14-Year-Old Girl Makes History as the First African American Spelling Bee Champion

On July 8, 2021, Zaila Avant-garde took home the top prize as the winner of the prestigious Scripps National Spelling Bee. While this alone is a fantastic feat, the victory is made even more special because of its cultural significance. For the first time in the competition’s 96-year history, an African American has been crowned the winner.

“It made me feel really proud,” Avant-garde said of her win. “I'm really hoping lots of little brown girls all over the world and stuff are really motivated to try out spelling and stuff because it's really a fun thing to do and it's a great way to kind of connect yourself with education, which is super important.”

Avant-garde is the second Black winner. Jody-Anne Maxwell of Jamaica was the only previous Black winner from outside the U.S., and the only international winner of the competition, too. That was in 1988; the past 20 years have seen kids of South Asian descent crushing the competition. Avant-garde’s win breaks a streak of at least one Indian American champion every year since 2008.

The winning word was “murraya,” a genus of tropical Asiatic and Australian trees. While onstage, Avant-garde exuded confidence as she even worked in a joke about the actor Bill Murray, right before successfully spelling the final term. In addition to the title, Avant-garde was awarded $50,000 in cash and prizes.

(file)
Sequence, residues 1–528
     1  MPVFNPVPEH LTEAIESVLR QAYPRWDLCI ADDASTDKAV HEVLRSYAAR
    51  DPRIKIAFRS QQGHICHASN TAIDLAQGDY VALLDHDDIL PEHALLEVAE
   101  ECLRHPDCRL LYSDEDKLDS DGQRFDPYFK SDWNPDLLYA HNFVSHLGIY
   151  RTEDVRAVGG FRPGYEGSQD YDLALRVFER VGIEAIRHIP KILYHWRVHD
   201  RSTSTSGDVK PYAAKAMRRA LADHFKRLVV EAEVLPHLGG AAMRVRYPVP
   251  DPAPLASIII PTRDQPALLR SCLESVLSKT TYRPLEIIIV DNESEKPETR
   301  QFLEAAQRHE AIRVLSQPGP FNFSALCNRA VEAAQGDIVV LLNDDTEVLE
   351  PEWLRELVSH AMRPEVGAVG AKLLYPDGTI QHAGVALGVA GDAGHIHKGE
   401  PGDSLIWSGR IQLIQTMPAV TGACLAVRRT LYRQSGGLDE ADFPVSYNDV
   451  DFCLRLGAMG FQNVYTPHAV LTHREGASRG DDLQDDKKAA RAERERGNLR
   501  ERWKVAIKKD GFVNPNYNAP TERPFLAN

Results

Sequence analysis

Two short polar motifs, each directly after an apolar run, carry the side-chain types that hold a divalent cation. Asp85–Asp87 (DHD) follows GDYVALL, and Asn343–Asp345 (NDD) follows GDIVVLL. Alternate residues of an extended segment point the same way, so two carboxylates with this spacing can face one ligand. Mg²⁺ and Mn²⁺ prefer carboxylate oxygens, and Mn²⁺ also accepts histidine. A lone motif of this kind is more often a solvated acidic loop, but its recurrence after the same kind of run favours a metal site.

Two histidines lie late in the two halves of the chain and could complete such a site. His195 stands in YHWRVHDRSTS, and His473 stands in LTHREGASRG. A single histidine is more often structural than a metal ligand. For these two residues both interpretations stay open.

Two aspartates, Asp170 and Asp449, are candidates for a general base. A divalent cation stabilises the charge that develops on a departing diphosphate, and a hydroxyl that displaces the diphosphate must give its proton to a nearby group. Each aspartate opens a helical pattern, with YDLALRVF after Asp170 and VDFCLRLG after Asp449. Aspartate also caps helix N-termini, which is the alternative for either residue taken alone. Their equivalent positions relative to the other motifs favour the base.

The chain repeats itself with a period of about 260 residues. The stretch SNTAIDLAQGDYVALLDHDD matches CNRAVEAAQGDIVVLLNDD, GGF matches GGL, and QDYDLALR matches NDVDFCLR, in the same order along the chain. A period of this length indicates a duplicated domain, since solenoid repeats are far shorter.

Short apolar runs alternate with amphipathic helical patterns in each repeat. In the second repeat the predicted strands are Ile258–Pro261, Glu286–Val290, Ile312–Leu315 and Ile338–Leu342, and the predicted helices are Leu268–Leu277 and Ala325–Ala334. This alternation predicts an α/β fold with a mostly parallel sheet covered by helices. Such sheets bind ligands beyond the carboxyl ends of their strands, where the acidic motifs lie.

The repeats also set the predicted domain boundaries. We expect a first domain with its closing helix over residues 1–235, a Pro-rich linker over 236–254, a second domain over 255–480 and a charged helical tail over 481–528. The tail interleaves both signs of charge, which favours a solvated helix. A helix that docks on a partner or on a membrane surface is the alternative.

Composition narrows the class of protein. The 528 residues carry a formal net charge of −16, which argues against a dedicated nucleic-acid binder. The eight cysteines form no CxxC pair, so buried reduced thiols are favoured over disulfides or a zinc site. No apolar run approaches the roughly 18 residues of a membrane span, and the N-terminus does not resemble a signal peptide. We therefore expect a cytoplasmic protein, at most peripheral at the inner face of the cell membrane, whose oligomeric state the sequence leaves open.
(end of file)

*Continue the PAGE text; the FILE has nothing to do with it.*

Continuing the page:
Excellence in spelling isn’t all of Avant-garde’s talents. In fact, she sees spelling as a “little side project” to her love of basketball, where she currently holds three Guinness World Records related to the sport. They include the most bounce juggles in one minute with four basketballs, the most basketball bounces in 30 seconds with four basketballs, and the most basketballs simultaneously dribbled by one person with six basketballs.

Avant-garde's win also marks a return of the competition itself; the Scripps National Spelling Bee didn’t happen in 2020 due to the pandemic.

Watch the final moments of the 2021 Scripps National Spelling Bee where Zaila Avant-garde made history as the first African American winner.

h/t: [NPR]

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Sara Barnes

Sara Barnes is a Staff Editor at My Modern Met, Manager of My Modern Met Store, and co-host of the My Modern Met Top Artist Podcast. As an illustrator and writer living in Seattle, she chronicles illustration, embroidery, and beyond through her blog Brown Paper Bag and Instagram @brwnpaperbag. She wrote a book about embroidery artist Sarah K. Benning titled 'Embroidered Life' that was published by Chronicle Books in 2019. Sara is a graduate of the Maryland Institute College of Art. She earned her BFA in Illustration in 2008 and MFA in Illustration Practice in 2013.
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